The last time I read `Kraven's Last Hunt', I was probably still a teenager, and it immediately became one of my favourite comic book stories ever. At that time, I'd never read a superhero comic quite so harrowing or, indeed, literary. I was already a big J.M. DeMatteis fan from his `Amazing Spider-Man' run, and the `Justice League International' run he co-wrote with Keith Griffin, but this particular story was enough to make Mr. DeMatteis my first serious "favourite comic book writer ever". However, that was many years ago, back in the innocent old days when I thought that `Maximum Carnage' was a great story and that Todd McFarlane was a genius writer. Since then, I've discovered Alan Moore, Frank Miller, Grant Morrison, et al, so I re-read this book with some trepidation in that I might be ruining something which I once looked up to so highly. However, while it certainly isn't `Watchmen' level stuff (not that it was ever trying to be), and it's definitely a lot weirder than I remember it being, I'm happy to say that it's still a bloody good read.

`Kraven's Last Hunt' originally began publication during the tail-end of the lifespan of `Watchmen' which, along with `Batman: The Dark Knight Returns', came along out of nowhere and revolutionised superheroes by being all "adult" and "realistic". However, they didn't really "come out of nowhere" like many people suggest. Rather they were, along with `Kraven's Last Hunt' and many other titles, part of a long list of bold new superhero stories which didn't have to worry about the infamous Comics Code Authority. `Kraven's Last Hunt' takes our newly-married (at the time) Spider-Man and, for the first time ever, has him seriously question his own mortality and his human vulnerability.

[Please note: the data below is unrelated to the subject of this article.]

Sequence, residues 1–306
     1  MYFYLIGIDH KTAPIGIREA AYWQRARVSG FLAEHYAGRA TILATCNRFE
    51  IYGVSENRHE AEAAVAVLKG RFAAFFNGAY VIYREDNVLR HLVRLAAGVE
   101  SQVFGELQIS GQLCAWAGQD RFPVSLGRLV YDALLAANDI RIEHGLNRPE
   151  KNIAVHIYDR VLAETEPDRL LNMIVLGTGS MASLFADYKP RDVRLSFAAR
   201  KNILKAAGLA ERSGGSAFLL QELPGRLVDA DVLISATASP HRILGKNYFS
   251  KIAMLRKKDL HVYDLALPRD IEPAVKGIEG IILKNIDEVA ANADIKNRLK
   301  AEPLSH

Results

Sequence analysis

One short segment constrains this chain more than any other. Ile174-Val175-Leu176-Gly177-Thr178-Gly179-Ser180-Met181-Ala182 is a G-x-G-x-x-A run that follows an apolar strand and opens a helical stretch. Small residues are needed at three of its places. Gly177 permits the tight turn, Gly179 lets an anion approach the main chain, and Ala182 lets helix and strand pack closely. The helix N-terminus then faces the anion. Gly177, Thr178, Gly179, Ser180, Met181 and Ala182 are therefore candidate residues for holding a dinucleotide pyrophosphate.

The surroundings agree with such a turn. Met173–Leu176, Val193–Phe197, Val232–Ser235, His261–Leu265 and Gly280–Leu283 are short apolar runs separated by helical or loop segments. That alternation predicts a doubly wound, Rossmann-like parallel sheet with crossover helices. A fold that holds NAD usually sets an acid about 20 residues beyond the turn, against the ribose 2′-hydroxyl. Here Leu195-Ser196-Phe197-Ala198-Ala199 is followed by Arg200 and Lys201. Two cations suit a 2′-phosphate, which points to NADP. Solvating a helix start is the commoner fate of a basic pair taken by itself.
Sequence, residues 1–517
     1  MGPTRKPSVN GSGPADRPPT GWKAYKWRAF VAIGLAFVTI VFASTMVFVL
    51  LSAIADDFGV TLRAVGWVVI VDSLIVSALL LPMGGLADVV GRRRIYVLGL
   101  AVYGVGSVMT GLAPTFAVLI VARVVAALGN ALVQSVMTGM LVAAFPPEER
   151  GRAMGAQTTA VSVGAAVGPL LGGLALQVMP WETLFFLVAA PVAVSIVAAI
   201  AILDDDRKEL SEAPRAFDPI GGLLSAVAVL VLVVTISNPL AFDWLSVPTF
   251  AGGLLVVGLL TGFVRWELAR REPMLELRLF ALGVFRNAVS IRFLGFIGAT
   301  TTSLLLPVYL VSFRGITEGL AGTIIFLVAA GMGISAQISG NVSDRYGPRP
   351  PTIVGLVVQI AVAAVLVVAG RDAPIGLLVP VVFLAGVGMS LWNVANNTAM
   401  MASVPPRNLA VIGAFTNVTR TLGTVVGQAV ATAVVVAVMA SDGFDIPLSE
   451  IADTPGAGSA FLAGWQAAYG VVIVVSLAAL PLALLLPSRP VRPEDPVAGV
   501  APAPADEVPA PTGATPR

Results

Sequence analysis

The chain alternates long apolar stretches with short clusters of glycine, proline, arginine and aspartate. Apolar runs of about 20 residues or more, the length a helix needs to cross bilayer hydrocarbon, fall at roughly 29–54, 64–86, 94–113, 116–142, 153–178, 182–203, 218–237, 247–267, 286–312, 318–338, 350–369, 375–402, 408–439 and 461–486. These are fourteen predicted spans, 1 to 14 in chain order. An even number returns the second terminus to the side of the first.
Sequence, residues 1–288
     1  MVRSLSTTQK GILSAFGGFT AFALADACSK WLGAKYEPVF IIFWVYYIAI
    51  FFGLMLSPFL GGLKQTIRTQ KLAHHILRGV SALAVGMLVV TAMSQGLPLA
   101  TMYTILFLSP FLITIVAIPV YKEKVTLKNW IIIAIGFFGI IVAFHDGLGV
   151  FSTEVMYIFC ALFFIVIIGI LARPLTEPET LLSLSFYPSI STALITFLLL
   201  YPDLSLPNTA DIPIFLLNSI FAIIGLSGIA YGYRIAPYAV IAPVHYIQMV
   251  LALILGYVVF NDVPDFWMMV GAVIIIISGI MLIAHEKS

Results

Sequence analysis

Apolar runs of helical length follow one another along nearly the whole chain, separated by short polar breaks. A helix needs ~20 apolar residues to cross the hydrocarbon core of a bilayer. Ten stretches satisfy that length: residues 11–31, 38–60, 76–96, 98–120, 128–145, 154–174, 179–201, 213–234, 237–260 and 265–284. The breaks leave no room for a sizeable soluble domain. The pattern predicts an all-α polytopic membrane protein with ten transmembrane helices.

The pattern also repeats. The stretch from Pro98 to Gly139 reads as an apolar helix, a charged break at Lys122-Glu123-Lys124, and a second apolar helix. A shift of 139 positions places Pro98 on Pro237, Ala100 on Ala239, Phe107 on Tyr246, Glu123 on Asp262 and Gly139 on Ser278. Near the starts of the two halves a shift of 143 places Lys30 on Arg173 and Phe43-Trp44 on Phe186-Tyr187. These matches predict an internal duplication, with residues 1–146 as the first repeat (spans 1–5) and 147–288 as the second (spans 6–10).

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By Sam Quixote TOP 500 REVIEWER on 4 Jan. 2013
Format: Paperback
Kraven, a long-time Spidey villain, decides that he will hunt Spider-man as apparently Spider-man is the last creature he's been looking to defeat. But he also wants to prove that he's a better Spider-man than Spider-man - for some reason.

That's pretty much the set-up but with a title like "Kraven's Last Hunt", something decisive is likely to happen like a death of sorts and seeing as the cover has Spidey climbing out of a grave, I'm guessing it's not him who pops it.

So here follows a review with some 25 year old spoilers:

How familiar are you with Kraven? If the answer is "who?" chances are you won't be exactly impressed by his introduction in this book as J. M. DeMatteis doesn't spend much time on his character except for a brief backstory at the start where we find out he's a Russian nobleman exiled from his homeland who likes hunting a lot. Because there's very little of Spider-man in the book, this is the character we're left with who we're supposed to relate to, empathise with, etc. Except Kraven's a loony who eats spiders "to gain their strength!", is obsessed with "honour" for his family and sees him accomplishing this honour by killing a guy who dresses in a black Spider-man outfit (in this book Spidey's outfit is trés emo-black!). We're supposed to care about this guy? It's a very shallow character portrait.

After "killing" Spidey, Kraven becomes Spider-man for a while(!) by killing criminals instead of stringing them up with web fluid which in his mind makes him a better man because...? Also he doesn't have web shooters or can climb on walls so I don't see how he's Spider-man at all, he just has the outfit.